The focus of many of my generative computer based poetic artworks is identity. These works address this focus through the use of interactive systems, where the relationship between the viewer and the artwork is explicit and active. The act of interaction is situated so as to raise questions concerning being and, through the process of communication, the linguistic foundations of identity.
Art is the human activity which can confound basic sense and allow us to see things in a way we might otherwise not have considered. It is in the creation of disjuncture between the thing and its representation that we come to see the thing and its relation to other things (particularly ourselves) anew. In seeking to disturb the manner in which we see things, and thus our accepted notion of self as constructed through seeing, the objective to destabilise our sense of self can be met.
The primary point of differentiation we employ in order to maintain our sense of internal unity and uniqueness is that between self and other. The intent of the art works I make is to evoke a subjective failure of differentiation and a re-positing of self as non-singular, de-centred and distributed.
An issue here is how communication and creativity function in respect of the differentiation of self. This is a subject within the general field of ontology and it could be argued that this might be described as of an onto-poetic nature; the manner in which self is brought into being through semiosis, as meaning arises from the interaction of signifying elements.
When readers engage a text they seek the intent, presence and definition of an author. A key element in establishing the author's presence is novelty; that which can be seen as more or less unique in the author's expression that allows the author to be differentiated relative to both the reader and their knowledge of other authors. It can be argued that a valuable dimension to this dynamic of differentiation is, for the reader, the self-reflective. Readers expect and seek the identification of an author in a text as a means to assist them in their own self-differentiation.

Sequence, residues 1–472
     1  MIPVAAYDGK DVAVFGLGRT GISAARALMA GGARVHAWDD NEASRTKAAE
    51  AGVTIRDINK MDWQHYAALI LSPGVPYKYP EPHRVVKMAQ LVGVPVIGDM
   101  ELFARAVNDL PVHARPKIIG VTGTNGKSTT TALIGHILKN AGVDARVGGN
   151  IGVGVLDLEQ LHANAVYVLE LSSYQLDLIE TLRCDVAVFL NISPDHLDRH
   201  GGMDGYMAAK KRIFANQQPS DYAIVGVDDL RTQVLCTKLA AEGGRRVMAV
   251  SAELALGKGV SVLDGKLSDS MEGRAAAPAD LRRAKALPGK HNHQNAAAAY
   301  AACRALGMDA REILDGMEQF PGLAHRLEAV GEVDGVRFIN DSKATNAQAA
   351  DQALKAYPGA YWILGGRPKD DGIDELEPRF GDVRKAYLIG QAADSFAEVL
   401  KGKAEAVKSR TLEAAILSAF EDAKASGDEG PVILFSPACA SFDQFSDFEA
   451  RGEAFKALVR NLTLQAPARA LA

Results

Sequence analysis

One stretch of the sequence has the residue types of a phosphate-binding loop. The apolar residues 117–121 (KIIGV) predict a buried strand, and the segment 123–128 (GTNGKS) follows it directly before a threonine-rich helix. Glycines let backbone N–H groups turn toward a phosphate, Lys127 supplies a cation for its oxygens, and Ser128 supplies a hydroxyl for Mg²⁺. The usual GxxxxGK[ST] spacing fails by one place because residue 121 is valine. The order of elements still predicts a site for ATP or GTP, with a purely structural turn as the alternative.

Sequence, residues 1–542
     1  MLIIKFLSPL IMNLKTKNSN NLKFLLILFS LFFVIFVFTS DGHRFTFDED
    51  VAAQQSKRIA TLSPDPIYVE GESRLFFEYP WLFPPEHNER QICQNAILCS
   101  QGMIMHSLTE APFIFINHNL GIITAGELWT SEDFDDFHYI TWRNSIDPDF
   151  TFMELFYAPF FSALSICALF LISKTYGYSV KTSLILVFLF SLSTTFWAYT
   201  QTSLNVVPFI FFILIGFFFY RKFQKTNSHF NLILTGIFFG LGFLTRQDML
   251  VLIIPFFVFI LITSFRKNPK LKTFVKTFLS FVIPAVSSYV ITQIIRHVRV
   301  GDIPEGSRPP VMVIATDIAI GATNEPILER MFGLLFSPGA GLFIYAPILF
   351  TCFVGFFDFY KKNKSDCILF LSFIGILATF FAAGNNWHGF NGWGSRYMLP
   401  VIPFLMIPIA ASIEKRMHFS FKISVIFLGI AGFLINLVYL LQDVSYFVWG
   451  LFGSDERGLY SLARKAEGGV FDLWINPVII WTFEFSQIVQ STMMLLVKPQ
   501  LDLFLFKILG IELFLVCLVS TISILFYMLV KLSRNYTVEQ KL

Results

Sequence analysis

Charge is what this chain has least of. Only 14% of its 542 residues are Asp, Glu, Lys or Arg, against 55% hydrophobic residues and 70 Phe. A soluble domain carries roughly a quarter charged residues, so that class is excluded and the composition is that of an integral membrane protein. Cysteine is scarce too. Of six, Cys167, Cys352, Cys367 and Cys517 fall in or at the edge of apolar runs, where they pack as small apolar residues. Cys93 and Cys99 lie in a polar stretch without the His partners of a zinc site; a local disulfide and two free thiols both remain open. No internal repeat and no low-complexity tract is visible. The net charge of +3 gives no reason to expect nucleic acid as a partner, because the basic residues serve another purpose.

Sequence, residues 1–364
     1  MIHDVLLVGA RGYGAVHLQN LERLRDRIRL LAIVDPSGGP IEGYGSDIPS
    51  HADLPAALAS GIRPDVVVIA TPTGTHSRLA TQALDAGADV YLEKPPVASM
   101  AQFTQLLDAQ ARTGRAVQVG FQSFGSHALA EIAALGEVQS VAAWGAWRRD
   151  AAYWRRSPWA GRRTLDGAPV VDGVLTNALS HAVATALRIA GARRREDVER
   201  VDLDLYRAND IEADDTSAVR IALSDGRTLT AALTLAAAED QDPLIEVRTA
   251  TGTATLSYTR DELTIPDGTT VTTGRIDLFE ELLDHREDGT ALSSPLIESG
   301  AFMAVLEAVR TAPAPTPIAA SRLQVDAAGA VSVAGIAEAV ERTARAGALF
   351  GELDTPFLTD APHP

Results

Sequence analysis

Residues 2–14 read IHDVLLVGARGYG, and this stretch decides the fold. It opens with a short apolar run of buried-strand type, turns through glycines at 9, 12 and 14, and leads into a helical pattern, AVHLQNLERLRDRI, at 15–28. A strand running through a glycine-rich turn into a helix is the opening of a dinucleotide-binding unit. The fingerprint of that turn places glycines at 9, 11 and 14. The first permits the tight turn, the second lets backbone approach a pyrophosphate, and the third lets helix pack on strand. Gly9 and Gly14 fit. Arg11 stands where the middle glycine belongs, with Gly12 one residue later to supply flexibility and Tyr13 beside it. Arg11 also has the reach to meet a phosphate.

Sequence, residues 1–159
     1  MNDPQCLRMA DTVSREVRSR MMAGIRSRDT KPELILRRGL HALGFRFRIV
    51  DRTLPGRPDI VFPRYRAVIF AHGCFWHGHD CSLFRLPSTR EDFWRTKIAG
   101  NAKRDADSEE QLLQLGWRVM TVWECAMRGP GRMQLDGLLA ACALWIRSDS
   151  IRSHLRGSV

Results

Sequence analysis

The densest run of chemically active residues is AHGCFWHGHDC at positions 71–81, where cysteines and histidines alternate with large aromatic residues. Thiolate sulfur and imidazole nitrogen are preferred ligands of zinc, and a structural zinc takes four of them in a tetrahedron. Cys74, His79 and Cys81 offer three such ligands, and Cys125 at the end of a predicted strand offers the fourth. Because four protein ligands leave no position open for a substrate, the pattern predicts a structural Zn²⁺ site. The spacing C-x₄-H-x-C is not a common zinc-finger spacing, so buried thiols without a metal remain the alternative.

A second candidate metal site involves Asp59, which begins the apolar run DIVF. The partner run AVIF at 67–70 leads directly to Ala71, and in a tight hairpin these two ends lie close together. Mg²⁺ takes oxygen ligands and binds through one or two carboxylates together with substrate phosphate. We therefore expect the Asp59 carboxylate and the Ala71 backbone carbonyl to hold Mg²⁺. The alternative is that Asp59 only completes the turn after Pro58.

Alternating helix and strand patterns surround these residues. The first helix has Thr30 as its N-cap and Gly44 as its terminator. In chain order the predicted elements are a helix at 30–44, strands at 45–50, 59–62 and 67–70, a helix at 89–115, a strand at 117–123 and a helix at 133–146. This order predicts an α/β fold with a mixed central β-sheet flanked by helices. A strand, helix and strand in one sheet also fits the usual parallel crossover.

Reading a text can thus be regarded as a psycho-social act, where readers are concerned with their own constitution and differentiation, as social beings, through the treatment of the author as an avatar, or equivalent symbolic deployment, as imagined other. In this respect the function of reading can be regarded as congruent with the instantiation of a text determined through reading (by the reader) with the author fulfilling a role not as an actual other with independent intent, but as an internalised other that the reader employs to establish an internal voice. This process of internalised differentiation can thus be seen as part of a process of individuation and an assumption of responsibility, by the reader, of the bringing into being of the text. This process is self-affirming and functions to enhance a subjective sense of self.
The role of novelty in this is important. Too much novelty closes down the development of an instance of that internal voice that arises in the reader when engaging a text. If everything embodied in a text is so novel, so new, as to be alien to and entirely external to a reader's experience then that text will probably remain opaque and difficult to engage. Readers will be unable to differentiate the author in such manner that they are able to internalise the authorial voice and establish the required internal dynamic where meaning, and differentiation of self, can arise. The reader's search for closure around a significatory territory would fail and thus the reader would not be able to engage satisfactorily with the text.
The auto-linguistic artworks I make map an exploration of the manner in which this dynamic of differentiation through reading/writing can be disturbed and opened up as a conscious process. The primary element in this strategy has been the use of auto-generative texts, where the text appears correctly written and to be concerned with a particular subject but where there has been no authorial role other than the processes of a mechanised writing. The intent here is to create instances of textuality where the text is written of itself. That is to say, the text is generated as a function of language itself. Authorial intent is absent, replaced by a process of auto-generative writing.
Whilst there is a distinction to be made between writing and the production of meaning, when we engage a text we nevertheless expect it to be meaningful and for that to be a function of intent. When this expectation is disturbed semiosis and writing become disassociated. In the absence of a writer or intended meaning the reader only has available the option to contemplate their own act of reading. In auto-poetic artworks the viewer thus observes themselves reading endlessly self-generating texts.
Edinburgh, May 2008